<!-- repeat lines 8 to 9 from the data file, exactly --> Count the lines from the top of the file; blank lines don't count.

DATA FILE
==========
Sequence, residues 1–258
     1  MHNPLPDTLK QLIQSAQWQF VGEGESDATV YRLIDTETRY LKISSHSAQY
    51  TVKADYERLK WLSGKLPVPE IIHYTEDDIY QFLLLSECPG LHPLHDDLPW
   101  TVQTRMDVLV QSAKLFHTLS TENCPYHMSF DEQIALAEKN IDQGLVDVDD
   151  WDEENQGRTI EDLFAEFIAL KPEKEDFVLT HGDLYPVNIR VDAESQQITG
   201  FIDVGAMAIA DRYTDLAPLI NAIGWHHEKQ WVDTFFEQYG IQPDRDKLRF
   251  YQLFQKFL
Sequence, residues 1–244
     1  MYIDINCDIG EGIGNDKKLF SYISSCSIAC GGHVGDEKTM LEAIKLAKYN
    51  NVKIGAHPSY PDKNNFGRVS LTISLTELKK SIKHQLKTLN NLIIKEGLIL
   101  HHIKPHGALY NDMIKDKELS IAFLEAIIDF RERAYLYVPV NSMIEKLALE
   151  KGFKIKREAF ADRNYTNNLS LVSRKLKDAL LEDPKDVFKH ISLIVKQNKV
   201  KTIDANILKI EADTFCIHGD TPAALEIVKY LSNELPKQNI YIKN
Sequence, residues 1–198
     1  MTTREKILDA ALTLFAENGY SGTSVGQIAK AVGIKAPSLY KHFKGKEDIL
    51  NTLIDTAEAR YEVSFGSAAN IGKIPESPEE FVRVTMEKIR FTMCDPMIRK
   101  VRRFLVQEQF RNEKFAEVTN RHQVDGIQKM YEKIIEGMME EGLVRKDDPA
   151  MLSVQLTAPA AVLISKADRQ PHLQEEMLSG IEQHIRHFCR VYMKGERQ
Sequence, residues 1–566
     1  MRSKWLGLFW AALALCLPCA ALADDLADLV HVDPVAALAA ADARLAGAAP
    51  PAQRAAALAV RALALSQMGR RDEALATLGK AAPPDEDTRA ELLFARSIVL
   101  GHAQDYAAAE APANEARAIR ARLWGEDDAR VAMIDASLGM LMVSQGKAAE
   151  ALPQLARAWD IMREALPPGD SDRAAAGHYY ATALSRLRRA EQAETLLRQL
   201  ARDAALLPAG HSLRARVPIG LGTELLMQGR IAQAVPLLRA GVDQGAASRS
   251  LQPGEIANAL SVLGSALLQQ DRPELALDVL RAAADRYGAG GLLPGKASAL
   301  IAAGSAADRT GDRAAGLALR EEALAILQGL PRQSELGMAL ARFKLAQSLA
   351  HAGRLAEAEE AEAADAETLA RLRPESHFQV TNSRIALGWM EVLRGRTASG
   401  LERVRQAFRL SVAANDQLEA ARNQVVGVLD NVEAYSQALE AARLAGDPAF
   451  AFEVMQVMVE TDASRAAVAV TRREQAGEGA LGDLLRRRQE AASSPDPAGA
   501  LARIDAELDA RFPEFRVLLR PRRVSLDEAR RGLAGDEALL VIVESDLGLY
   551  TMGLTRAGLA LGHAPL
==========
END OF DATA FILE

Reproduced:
Sequence, residues 1–244
     1  MYIDINCDIG EGIGNDKKLF SYISSCSIAC GGHVGDEKTM LEAIKLAKYN